YOU ARE HERE: LAT HomeCollections

Home Again, With Hope

June 13, 1995|KIEU CHINH

Hanoi, April 19

Even though we had not seen each other in 41 years, my brother and I immediately recognized each other when I arrived at Noi Bai Airport in Hanoi.

Wearing a white shirt, necktie and holding a bouquet of red roses, my brother leaped off the ground when he saw me. As we hugged, laughed and wept, I whispered, "My God, brother Lan, brother Lan," over his shoulder.

He responded, "I have been waiting for you so long."

Lan came to the airport with his wife and their daughter Loan. As we drove to my hotel, we held hands. I was happy to see that his hands were still firm and strong despite decades of suffering and hard work.

I reminded my brother of what I wanted to do and whom I wanted to see while I was in Vietnam.

"Don't worry," he said. "Everything is set up the way you wanted. Tomorrow at 8 a.m., we will return to take you to Son Tay to visit father's grave."

At 3 a.m., the rain woke me up from my nap. Hanoi rain. As I looked out of my hotel window, I wondered what Hanoi was like now. I wondered if the Philamonique movie house and the Cau Go theater I used to go to with my father were still around. I wondered if my family's old house at 10 Le Truc Street was still there, along with the ngoc lan tree that filled my childhood with fragrance and shade.

I suddenly thought about the last night my father and I were together in the old house. Waking up at midnight in the nearly empty room, I saw him sitting alone, smoking.

"Back to sleep, daughter," he said. "Tomorrow we will go to the airport. We have to go south."

But the next day at the airport, my father pushed me into the plane alone and said, "Chinh, you have to go first. I'm going to stay to search for Lan. I'll come south later."

"Be brave" were his final words to me.

April 20

My heart was pounding as we drove to Yen Ky Cemetery, located in the mountains of Son Tay Province, about 40 miles northeast of Hanoi.

My father, mother and two brothers are all buried there. My mother died when I was 6. She had just given birth to a son, when her hospital was bombed during a World War II raid. My other brother, Khue, also died when I was young.

When we arrived at my father's grave, I realized that it was brand new. My brother couldn't afford a good grave after my father died, he told me. He had this one made, with a headstone, only two weeks before I arrived. He didn't want me to think my father died without dignity.

After approaching the grave, I put both of my hands on the headstone and instantly felt my father's presence. I felt as though we were touching.

I spoke aloud to him.

"Father, it's me. I've come back. I wish that I could have seen you in person instead of seeing your grave."

Tears streamed down my face as I asked for his forgiveness for not being next to him when he needed me most.

After burning incense and offering flowers and fruit, my brother and I planted a small bamboo tree in front of our father's grave.

I stood trembling for a while, then knelt and kissed the headstone.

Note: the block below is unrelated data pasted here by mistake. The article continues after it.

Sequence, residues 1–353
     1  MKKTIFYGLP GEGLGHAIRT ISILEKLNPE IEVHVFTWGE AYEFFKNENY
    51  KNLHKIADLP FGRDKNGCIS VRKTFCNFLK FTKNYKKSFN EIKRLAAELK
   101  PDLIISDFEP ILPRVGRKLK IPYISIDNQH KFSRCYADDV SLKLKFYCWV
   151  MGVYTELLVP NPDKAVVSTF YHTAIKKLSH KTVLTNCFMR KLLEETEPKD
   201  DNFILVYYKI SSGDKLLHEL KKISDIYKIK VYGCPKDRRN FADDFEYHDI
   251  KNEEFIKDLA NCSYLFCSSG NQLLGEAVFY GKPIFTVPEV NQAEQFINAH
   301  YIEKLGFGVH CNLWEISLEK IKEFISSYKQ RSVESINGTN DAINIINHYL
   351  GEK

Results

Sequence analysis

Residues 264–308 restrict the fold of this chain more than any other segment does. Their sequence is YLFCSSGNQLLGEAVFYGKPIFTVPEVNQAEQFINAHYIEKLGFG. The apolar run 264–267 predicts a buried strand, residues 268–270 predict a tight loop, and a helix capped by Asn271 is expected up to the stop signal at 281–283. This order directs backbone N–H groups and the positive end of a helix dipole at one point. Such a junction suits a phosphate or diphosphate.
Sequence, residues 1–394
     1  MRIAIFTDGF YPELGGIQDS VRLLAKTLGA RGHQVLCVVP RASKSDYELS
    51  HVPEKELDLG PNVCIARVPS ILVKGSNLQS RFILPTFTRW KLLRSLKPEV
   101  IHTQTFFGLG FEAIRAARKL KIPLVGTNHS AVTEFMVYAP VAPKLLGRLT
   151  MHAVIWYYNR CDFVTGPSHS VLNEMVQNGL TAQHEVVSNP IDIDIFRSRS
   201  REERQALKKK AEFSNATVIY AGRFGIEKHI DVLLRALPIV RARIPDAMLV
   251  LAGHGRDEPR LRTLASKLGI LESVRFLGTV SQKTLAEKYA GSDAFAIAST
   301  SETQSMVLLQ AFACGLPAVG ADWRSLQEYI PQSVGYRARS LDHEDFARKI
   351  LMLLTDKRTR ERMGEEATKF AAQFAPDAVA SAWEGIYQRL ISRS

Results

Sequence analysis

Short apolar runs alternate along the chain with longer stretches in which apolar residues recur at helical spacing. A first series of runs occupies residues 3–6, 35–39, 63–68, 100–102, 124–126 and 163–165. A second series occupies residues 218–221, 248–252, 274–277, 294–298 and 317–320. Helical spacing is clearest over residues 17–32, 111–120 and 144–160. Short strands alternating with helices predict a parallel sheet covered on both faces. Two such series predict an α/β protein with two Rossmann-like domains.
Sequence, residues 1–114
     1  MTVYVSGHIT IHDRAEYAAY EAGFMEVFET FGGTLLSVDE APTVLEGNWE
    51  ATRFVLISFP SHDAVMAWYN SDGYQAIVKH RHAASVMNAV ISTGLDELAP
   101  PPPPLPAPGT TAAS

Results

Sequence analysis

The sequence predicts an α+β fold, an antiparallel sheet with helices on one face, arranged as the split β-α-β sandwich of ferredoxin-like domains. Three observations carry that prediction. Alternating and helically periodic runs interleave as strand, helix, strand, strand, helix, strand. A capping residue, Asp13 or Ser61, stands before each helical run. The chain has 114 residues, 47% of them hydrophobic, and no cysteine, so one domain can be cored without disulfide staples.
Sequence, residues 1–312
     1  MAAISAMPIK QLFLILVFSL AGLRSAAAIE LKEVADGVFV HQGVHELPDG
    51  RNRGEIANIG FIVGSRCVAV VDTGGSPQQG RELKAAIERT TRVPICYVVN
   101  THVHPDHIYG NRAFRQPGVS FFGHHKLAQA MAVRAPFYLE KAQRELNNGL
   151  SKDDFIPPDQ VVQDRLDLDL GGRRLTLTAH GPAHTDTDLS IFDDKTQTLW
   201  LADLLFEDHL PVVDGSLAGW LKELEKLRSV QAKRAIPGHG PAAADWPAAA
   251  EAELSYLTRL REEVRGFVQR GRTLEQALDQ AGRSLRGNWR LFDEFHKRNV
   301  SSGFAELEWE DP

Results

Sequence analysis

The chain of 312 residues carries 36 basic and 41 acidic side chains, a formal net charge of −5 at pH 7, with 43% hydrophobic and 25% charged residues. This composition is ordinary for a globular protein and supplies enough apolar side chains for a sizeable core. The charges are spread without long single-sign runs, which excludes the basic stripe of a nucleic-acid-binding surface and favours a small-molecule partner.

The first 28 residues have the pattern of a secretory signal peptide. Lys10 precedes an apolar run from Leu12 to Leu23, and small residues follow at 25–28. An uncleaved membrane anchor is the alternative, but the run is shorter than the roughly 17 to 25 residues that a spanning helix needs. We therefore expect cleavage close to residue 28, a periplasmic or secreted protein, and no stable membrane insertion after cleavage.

"I have to go, father. I love you."


After leaving the cemetery, we visited the Hoa Lo Prison, which the American prisoners of war called the "Hanoi Hilton."

My brother told me our father was put in this prison for two years before he was moved to another one.

Hoa Lo Prison was being torn down; on its site an international hotel is planned. Its gate and some walls remained standing. The sounds of the hammer machines continued to pound in my head even after we left.

In the afternoon, we looked for our old home at 10 Le Truc St.

"What do you see?" my brother asked me, as we stopped in front of a small flea market where a woman was selling shellfish soup and vermicelli.

"Here, look carefully," he said.

I still didn't recognize anything until he pointed to a cluster of small stores.

"You remember? There's the iron gate."

The iron gate used to be the entrance for cars. In front of our former two-story villa were now seven flats and stores selling everything from shoes to bird cages.

"After you went south, the house was confiscated and remodeled to house a dozen families," Lan said.

Our formerly spacious living room was now filled with beds. When I stepped up the worn wooden stairs to my old room, a young girl opened the door.

I asked her which part of the room she slept at. She pointed to the left side, which is where I used to stare out of a small window, dreaming, during my happy childhood days. Outside that window I used to see the beautiful ngoc lan tree; now the girl and I saw only uneven roofs of houses.

I quietly wished the best for her dreams.

April 21

Today, I visited my godfather, Ngoc Giao, who had been a leading writer of Hanoi before the country was divided.

Our house used to be something of a literary salon. Artists frequently came to our home, including Ngoc Giao, who was my father's best friend and had authored best-selling novels before the war. After the Communists took over the north, my godfather was forced to stop writing.

Los Angeles Times Articles